On the anniversary of her friend Laura Barn's (Heather Sossaman) suicide, Blaire (Shelley Hennig, "Ouija") is watching the YouTube video that captured it via a website article that links to another video - the shaming 'prank' that instigated it - when her boyfriend Mitch (Moses Jacob Storm) pops up for a Skype chat. Just as things are getting a little steamy, their call is suddenly interrupted by three of their friends. But something's not right - neither Blaire nor Mitch accepted their call and there's an interloper no one knows calling himself Billie227 in "Unfriended."
This brainchild of Russian director Timur Bekmambetov ("Wanted"), acting as a producer here, would have one believe that this is the first online found footage horror, but that was already accomplished last year with "The Den," a much more effective little movie. The best thing about this one is how film editors Parker Laramie and Andrew Wesman took footage shot of the six principals on GoPro cameras and incorporated them into the additional layer that is our POV, Blaire's laptop screen, adding typing and cursor movement that fleshes out Blaire's character more than the actress playing her. Screenwriter Nelson Greaves (TV's 'Sleepy Hollow') seems to have forgotten that horror is more effective when we relate to those threatened instead of rooting for them all (with one major exception) to get their just desserts.
The movie's most effective in early goings, before we really get to know these people and when things that don't happen are eerier than what does. As Adam (Will Peltz, "The Collection"), Jess (Renee Olstead, TV's 'The Secret Life of the American Teenager') and Ken (Jacob Wysocki, "Terri") continue chatting, Blaire tries to reach Mitch privately with no response. When he reappears after the call is dropped in an attempt to get rid of Billie227, he lets Blaire know he was distracted - by a message purporting to be from Laura Barns. Soon enough, Blaire's getting Facebook texts from Laura too ('What are you watching Blaire?'), but everything she does to try and stop them doesn't work. When she Googles for information about how to shut down a dead person's Facebook page, she hits on a site about online communications from the dead, headlined with a picture of a hanging corpse, that conveniently sets up 'rules' the screenwriter can employ.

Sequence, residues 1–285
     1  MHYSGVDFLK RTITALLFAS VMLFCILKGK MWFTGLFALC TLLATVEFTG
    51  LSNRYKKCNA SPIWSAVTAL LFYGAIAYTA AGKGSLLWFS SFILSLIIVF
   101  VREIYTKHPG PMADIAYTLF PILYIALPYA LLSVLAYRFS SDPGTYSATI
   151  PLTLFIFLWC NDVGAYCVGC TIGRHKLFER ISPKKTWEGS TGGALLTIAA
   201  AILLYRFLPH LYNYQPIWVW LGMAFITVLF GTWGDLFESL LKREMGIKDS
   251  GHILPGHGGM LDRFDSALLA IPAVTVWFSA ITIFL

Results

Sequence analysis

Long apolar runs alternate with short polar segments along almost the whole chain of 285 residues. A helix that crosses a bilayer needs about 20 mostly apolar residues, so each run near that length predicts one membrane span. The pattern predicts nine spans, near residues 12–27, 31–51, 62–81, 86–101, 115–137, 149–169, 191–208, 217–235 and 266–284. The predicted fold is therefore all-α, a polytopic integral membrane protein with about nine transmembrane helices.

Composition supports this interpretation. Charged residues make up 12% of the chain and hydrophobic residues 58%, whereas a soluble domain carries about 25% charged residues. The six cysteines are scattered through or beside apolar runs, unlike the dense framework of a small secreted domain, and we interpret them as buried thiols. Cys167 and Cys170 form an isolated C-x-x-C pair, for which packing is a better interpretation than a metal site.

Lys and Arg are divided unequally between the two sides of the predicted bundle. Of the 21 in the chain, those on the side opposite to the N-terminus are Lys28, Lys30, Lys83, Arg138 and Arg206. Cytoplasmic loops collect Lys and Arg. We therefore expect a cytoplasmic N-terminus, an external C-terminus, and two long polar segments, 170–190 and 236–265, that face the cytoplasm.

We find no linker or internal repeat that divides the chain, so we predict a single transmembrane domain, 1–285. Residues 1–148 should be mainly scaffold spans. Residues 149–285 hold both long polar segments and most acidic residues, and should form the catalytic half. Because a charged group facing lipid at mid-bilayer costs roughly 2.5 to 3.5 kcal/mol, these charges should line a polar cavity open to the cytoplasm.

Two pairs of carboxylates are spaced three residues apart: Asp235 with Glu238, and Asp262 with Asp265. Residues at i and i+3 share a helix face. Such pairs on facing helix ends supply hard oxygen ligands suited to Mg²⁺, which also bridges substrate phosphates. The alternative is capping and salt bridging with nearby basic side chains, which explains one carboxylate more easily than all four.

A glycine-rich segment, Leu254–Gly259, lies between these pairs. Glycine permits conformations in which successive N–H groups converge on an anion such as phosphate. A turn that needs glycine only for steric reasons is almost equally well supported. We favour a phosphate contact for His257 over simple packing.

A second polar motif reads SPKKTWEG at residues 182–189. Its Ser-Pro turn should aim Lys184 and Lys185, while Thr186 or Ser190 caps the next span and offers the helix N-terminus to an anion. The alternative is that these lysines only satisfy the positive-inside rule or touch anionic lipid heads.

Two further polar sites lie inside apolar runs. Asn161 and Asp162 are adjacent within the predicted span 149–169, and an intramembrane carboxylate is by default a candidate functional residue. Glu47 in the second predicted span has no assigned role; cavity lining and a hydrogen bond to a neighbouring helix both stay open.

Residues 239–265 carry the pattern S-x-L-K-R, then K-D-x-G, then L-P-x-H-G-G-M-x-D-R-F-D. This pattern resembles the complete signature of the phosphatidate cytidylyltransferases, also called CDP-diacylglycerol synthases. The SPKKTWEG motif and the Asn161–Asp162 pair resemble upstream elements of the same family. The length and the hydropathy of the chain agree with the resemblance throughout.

Once it is indeed evident that Billie227 is Laura and that she's out for revenge, the film quickly goes downhill with a game of Never Have I Ever that reveals how ugly these people really are. Director Levan Gabriadze allows most of his cast to lean on shrill hysteria. We learn more about Blaire's state of mind by what she types and then thinks better of sending than anything Hennig says or does. Only Wysocki, the group's tech nerd, achieves sympathy (the film also stars Courtney Halverson as Val, added into the convo briefly to be offed quickly).
Unlike "The Den," "Unfriended" uses real world applications like Facebook and Google, so why is a link to a YouTube video wrong (youtu.be)? There's also some oddness in that Blaire is shown starting up tunes which then fade away, an obvious gambit to introduce us to the concept so Billie227 can start up things like Connie Conway's 'How You Lie, Lie, Lie.' A prop used to initiate a death makes no sense when we remember who originally received it.
The fact that so many of us are glued to screens both static and mobile for hours every day makes the 'online' footage concept relevant, its naturally constrained frames ideal for the horror genre. But while "Unfriended" is smart about how it uses the device to tell its story, the story itself is poor programming.
Robin also gives "Unfriended" a C.
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